If you are a well-compensated tech worker, you probably have some measure of control over what you work on, even if that occasionally means voting with your feet. And you are probably able to save enough to leave and arbitrarily pursue your passions at least once a decade, whether that means going back to school, trying to start a business, getting more involved with your family, or just escaping a toxic environment.
It's easy to lose sight of the fact that not everyone has those sorts of choices available to them.
You're reply is basically an example of survivorship bias.
You can take a similar path in retail, manufacturing, construction, or any other number of industries that don't even require degrees.
But you can't just do the minimum and do it poorly and expect to advance. It's not a bad thing that the system works that way. Rewarding hard work, and smart work, is what we want in an economic system.
There's such a thing as affordance.
You're a qsort implementation who wasn't so unlucky as to be spammed with only pathological inputs. There are heapsorts who will fare worse for no other reason than being matched up with workloads that would've choked you, too.
If you have a job, you have something to be grateful for, first if all. Secondly, you always have free agency in a free country. If you don't like it, move on, but don't project your own self loathing or dissatisfaction onto other people. Plenty of people get a lot of satisfaction out of their jobs and provide for their families from 9-5s and don't look at it from this pessimistic angle.
Those patterns of thought are either great if they inspire you to move onto other industries or toxic and bad for you if they cause you to become cynical.
I was actually disagreeing with the idea that 9-5 jobs need to be soul-sucking, and speaking from the perspective of someone who is able to decide what I work on.
But it's important to understand why some people hate their situations and feel unable to escape them. Poverty traps are real, especially in the United States, and we should be doing more as a society to help people escape them.
Also, I disagree that having a job is inherently something to be grateful for. Having a job is something to be paid for.
9-5 three days a week.
40 hours labour just isn't necessary for all of us.
We need to work to actually produce things like food and transport and so on. Services.
The vast majority of people I know are not working for that. It's a side effect. We're in this absurd zero sum race to outbid each other for housing (and not just in SF/London, it's all over nowadays).
Like, come on. Once you have an income at a level sufficient to spend, say, 50% on a house, get a mortgage etc, you have truly terrifying amounts of funds left over in terms of normal material goods in the prosperous towns.
I like stuff. It is fun to play with.
Of course you don't need the things, but they are enjoyable. I like to live a life beyond bare necessities.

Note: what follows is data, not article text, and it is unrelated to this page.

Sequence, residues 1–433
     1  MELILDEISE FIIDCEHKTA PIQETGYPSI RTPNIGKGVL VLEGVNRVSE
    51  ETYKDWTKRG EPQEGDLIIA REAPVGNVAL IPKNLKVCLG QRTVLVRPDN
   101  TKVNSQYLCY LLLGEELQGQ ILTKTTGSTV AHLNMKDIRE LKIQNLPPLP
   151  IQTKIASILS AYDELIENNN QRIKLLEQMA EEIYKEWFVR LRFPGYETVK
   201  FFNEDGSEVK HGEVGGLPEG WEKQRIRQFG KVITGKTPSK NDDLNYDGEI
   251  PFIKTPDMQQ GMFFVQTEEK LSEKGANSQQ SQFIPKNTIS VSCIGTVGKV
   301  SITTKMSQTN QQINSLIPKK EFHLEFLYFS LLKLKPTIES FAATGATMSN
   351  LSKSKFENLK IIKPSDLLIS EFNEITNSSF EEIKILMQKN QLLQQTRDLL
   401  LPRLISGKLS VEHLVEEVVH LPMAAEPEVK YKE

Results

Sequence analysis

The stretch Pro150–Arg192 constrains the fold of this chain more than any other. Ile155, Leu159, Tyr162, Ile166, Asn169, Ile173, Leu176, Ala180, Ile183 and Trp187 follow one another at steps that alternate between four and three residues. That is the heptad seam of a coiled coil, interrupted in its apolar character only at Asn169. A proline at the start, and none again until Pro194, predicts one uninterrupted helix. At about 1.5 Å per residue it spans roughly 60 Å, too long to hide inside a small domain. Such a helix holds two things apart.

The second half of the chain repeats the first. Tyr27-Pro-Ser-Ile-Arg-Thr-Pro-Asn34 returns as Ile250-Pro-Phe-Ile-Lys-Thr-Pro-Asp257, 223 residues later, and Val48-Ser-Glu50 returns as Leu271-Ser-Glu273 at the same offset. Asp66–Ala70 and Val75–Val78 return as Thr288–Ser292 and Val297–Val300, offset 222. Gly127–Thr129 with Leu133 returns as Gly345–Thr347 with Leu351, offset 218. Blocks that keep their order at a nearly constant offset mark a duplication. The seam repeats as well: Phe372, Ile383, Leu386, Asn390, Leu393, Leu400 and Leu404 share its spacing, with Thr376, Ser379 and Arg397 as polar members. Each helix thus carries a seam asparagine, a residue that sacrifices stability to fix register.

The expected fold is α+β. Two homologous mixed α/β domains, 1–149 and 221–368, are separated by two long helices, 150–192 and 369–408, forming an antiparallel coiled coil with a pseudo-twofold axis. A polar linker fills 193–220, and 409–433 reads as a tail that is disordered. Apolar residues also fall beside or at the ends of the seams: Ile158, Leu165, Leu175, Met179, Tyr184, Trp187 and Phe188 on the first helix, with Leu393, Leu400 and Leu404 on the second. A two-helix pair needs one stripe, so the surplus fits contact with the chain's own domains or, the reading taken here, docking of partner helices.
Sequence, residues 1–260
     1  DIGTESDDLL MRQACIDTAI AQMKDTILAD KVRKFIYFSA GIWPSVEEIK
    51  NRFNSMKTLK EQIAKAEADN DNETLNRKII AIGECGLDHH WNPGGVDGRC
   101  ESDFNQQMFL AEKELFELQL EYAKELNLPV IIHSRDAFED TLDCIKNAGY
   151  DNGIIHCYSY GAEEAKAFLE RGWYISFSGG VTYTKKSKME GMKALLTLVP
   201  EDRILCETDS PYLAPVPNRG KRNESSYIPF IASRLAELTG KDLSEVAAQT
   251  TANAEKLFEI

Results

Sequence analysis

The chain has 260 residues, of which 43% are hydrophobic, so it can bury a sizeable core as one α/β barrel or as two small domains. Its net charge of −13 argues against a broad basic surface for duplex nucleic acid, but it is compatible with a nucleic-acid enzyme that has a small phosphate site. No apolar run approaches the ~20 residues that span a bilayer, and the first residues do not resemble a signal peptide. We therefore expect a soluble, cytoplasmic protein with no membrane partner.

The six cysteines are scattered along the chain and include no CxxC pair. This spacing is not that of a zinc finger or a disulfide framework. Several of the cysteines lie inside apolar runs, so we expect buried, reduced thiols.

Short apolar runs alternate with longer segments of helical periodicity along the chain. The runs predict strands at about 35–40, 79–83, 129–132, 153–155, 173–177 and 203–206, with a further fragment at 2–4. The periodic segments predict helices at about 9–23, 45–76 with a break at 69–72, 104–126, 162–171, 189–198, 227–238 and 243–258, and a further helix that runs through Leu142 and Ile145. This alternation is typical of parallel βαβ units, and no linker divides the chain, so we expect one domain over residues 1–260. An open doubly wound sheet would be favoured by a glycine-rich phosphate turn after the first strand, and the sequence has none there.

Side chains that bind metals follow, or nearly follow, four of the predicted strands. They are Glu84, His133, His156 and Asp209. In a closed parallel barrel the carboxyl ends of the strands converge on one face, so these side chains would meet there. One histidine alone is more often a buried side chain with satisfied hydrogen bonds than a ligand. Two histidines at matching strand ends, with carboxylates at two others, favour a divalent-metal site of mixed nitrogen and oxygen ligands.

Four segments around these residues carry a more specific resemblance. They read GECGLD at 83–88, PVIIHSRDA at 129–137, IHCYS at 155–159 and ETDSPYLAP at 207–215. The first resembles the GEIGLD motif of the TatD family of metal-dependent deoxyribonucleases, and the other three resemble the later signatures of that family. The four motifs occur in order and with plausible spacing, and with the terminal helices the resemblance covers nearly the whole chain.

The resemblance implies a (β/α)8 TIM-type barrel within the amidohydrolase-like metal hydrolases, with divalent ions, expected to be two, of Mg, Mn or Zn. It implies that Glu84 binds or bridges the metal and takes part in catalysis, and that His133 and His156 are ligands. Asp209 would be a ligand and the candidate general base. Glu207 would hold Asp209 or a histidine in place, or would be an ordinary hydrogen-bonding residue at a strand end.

Of course I may be wrong here but it sure doesn’t feel like that; I’ve had the blessing to be able to compare my life with a lot of money closely with my life with very little money.
I have also lived having money and not having money. It is way better to have money. Not having to stress about bills, not having to stress about things breaking or needing repair, being able to eat good food when you want... it makes life better. The stresses of figuring out how to get by when you are poor really hamper your ability to enjoy life.
I tend to bounce around from low to high cost of living locations. My mindset changes a lot without it really being under my control.
In a high CoL area the limits to what you want can be truly absurd because there's so much wealth swimming about. It's normal.
It takes some grounding, but also interaction with a community that accepts you for who you are, to temper that.
I am not sure how that changes me liking to play with gadgets.
But it's no problem of course if you're happy as you are. Good for you. The problem is society expects everyone to work 9-5, 5 days a week, 45 to 50 weeks a year. That's a little insane, and for many people, intolerable.
I would be ashamed to have written on my tombstone "worked 1/3 of his life as a sys admin".
There is no meaning in that. Just an empty job to have money, for what? For more stuff? To teach your children to do the same? Keeping materialistic corporations afloat with me taking care of the servers and stuff.
Or if you insist on keeping 9-5, then why not do it 4 days per week? After all, why do we only work 5 days/week? Could it be that maximizing the output of corporations is not the sole priority of a country?
"In 1908, a New England mill became the first American factory to institute the five-day week. It did so to accommodate Jewish workers, whose observance of a Saturday sabbath forced them to make up their work on Sundays, offending some in the Christian majority. The mill granted these Jewish workers a two-day weekend, and other factories followed this example. The Great Depression cemented the two-day weekend into the economy, as shorter hours were considered a remedy to underemployment." - https://www.theatlantic.com/business/archive/2014/08/where-t...
Then, influentially, Henry Ford dropped it down from six days of 14-16 hours, in 1926. http://www.todayifoundout.com/index.php/2016/09/five-day-wor...
And, for most of us, "less hours" is going to equal "less pay". How do you imagine that we should deal with that? Or do you imagine that the corporations (or the country) are just going to pay us anyway?
Most people earn enough to live, and would do if they worked 20 hours less, it's just sucked away with various zero sum games like rent.
Imported goods make up a fairly small fraction of the average person's budget with the exception of stuff like, a German car say.
This is precisely what "cost of living" is; in higher competition areas, everything is more expensive.